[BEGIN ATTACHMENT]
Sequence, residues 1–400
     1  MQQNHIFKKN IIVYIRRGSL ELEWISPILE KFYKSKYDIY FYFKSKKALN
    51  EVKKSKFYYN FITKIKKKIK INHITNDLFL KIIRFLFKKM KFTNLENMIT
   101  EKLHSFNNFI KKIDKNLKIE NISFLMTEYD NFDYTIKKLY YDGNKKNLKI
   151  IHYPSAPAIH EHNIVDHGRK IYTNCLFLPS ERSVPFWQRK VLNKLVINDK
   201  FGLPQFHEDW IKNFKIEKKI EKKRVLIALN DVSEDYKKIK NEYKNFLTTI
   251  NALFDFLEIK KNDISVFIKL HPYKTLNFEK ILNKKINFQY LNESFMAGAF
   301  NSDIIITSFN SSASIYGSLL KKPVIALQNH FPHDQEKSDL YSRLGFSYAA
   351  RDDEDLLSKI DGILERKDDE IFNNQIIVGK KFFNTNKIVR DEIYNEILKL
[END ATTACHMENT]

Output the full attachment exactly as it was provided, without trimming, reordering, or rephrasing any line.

Sequence, residues 1–400
     1  MQQNHIFKKN IIVYIRRGSL ELEWISPILE KFYKSKYDIY FYFKSKKALN
    51  EVKKSKFYYN FITKIKKKIK INHITNDLFL KIIRFLFKKM KFTNLENMIT
   101  EKLHSFNNFI KKIDKNLKIE NISFLMTEYD NFDYTIKKLY YDGNKKNLKI
   151  IHYPSAPAIH EHNIVDHGRK IYTNCLFLPS ERSVPFWQRK VLNKLVINDK
   201  FGLPQFHEDW IKNFKIEKKI EKKRVLIALN DVSEDYKKIK NEYKNFLTTI
   251  NALFDFLEIK KNDISVFIKL HPYKTLNFEK ILNKKINFQY LNESFMAGAF
   301  NSDIIITSFN SSASIYGSLL KKPVIALQNH FPHDQEKSDL YSRLGFSYAA
   351  RDDEDLLSKI DGILERKDDE IFNNQIIVGK KFFNTNKIVR DEIYNEILKL